ebooksA year of political gossip, levity and intrigue from the sharpest pen in Westminster
Arts and Entertainment
The Plaza Theatre in Atlanta, Georgia was one of the 300 US cinemas screening
filmTim Walker settles down to watch the controversial gross-out satire
Arts and Entertainment
Amy Adams and Christoph Waltz in Tim Burton's Big Eyes
film reviewThis is Tim Burton’s most intimate and subtle film for a decade
Life and Style
Mark's crab tarts are just the right size
food + drinkMark Hix cooks up some snacks that pack a punch
Arts and Entertainment
Jack O'Connell stars as Louis Zamperini in Angelina Jolie's Unbroken
film review... even if Jack O'Connell is excellent
Arts and Entertainment
Madonna is not in Twitter's good books after describing her album leak as 'artistic rape and terrorism'
music14 more 'Rebel Heart' tracks leaked including Pharrell Williams collaboration
Latest stories from i100
Have you tried new the Independent Digital Edition apps?
Independent Dating
and  

By clicking 'Search' you
are agreeing to our
Terms of Use.

iJobs Job Widget
iJobs General

Ashdown Group: Senior Marketing Executive- City of London, Old Street

£40000 - £43000 per annum + benefits: Ashdown Group: Senior Marketing Executiv...

Ashdown Group: Marketing Manager

£40000 - £43000 per annum + benefits: Ashdown Group: An international organisa...

Ashdown Group: Internal Recruiter -Rugby, Warwickshire

£25000 - £30000 per annum: Ashdown Group: Internal Recruiter -Rugby, Warwicksh...

Ashdown Group: Marketing Manager/Marketing Controller (Financial Services)

£70000 - £75000 per annum + benefits: Ashdown Group: Marketing Manager/Marketi...

Day In a Page

A Christmas without hope: Fears grow in Gaza that the conflict with Israel will soon reignite

Christmas without hope

Gaza fears grow that conflict with Israel will soon reignite
After 150 years, you can finally visit the grisliest museum in the country

The 'Black Museum'

After 150 years, you can finally visit Britain's grisliest museum
No ho-ho-hos with Nick Frost's badass Santa

No ho-ho-hos with Nick Frost's badass Santa

Doctor Who Christmas Special TV review
Chilly Christmas: Swimmers take festive dip for charity

Chilly Christmas

Swimmers dive into freezing British waters for charity
Veterans' hostel 'overwhelmed by kindness' for festive dinner

Homeless Veterans appeal

In 2010, Sgt Gary Jamieson stepped on an IED in Afghanistan and lost his legs and an arm. He reveals what, and who, helped him to make a remarkable recovery
Isis in Iraq: Yazidi girls killing themselves to escape rape and imprisonment by militants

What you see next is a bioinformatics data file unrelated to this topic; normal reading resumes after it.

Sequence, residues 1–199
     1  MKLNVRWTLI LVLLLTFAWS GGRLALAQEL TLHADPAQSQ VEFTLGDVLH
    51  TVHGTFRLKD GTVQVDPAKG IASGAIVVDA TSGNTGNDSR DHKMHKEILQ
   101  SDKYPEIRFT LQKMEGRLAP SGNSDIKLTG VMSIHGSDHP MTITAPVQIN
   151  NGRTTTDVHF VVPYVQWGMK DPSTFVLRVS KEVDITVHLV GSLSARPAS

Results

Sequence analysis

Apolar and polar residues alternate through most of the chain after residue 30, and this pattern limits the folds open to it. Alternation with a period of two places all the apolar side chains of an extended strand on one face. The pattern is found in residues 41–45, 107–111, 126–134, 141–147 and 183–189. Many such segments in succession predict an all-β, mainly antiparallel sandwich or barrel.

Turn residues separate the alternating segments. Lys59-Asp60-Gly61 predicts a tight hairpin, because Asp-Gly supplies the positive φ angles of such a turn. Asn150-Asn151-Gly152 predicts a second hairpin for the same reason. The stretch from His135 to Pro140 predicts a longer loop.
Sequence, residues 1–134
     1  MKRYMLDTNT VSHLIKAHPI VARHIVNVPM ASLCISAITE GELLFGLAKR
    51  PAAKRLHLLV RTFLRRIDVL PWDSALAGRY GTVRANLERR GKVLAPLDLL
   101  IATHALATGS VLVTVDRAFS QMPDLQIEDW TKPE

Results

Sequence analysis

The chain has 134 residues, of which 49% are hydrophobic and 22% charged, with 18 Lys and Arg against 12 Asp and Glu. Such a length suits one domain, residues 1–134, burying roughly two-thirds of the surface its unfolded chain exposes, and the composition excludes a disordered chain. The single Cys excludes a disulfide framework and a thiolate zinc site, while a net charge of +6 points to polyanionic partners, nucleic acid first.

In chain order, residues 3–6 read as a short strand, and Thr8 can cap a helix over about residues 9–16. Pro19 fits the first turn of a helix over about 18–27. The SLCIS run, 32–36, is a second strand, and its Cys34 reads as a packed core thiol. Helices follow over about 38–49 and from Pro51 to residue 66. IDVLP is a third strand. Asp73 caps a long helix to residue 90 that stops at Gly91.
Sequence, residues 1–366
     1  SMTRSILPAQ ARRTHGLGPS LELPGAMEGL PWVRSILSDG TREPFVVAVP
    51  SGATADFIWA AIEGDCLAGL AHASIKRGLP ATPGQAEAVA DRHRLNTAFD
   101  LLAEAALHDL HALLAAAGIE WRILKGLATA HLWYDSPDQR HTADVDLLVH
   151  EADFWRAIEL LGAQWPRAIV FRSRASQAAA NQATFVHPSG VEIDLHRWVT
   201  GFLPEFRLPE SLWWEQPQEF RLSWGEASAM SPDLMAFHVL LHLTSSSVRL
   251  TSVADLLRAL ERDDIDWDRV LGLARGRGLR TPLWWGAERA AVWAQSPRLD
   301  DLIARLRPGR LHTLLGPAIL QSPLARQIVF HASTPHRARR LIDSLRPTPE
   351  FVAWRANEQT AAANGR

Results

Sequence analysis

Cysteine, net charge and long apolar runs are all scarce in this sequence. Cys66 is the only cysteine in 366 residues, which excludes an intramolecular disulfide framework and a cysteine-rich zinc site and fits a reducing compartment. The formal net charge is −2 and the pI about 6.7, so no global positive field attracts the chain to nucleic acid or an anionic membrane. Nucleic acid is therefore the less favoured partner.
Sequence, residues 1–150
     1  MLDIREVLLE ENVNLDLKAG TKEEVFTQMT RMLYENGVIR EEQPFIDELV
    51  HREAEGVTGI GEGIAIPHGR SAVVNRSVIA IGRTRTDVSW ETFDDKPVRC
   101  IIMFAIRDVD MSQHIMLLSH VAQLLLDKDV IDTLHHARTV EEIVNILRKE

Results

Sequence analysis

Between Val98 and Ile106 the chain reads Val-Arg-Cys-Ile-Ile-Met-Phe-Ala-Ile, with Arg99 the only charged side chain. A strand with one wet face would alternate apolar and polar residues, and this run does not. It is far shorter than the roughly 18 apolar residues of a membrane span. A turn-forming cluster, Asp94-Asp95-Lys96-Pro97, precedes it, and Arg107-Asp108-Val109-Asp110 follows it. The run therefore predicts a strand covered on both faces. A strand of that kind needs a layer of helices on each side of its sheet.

'Jilan killed herself in the bathroom. She cut her wrists and hanged herself'

Yazidi girls killing themselves to escape rape and imprisonment
Ed Balls interview: 'If I think about the deficit when I'm playing the piano, it all goes wrong'

Ed Balls interview

'If I think about the deficit when I'm playing the piano, it all goes wrong'
He's behind you, dude!

US stars in UK panto

From David Hasselhoff to Jerry Hall
Grace Dent's Christmas Quiz: What are you – a festive curmudgeon or top of the tree?

Grace Dent's Christmas Quiz

What are you – a festive curmudgeon or top of the tree?
Nasa planning to build cloud cities in airships above Venus

Nasa planning to build cloud cities in airships above Venus

Planet’s surface is inhospitable to humans but 30 miles above it is almost perfect
Surrounded by high-rise flats is a little house filled with Lebanon’s history - clocks, rifles, frogmen’s uniforms and colonial helmets

Clocks, rifles, swords, frogmen’s uniforms

Surrounded by high-rise flats is a little house filled with Lebanon’s history
Return to Gaza: Four months on, the wounds left by Israel's bombardment have not yet healed

Four months after the bombardment, Gaza’s wounds are yet to heal

Kim Sengupta is reunited with a man whose plight mirrors the suffering of the Palestinian people
Gastric surgery: Is it really the answer to the UK's obesity epidemic?

Is gastric surgery really the answer to the UK's obesity epidemic?

Critics argue that it’s crazy to operate on healthy people just to stop them eating
Homeless Veterans appeal: Christmas charity auction Part 2 - now LIVE

Homeless Veterans appeal: Christmas charity auction

Bid on original art, or trips of a lifetime to Africa or the 'Corrie' set, and help Homeless Veterans
Pantomime rings the changes to welcome autistic theatre-goers

Autism-friendly theatre

Pantomime leads the pack in quest to welcome all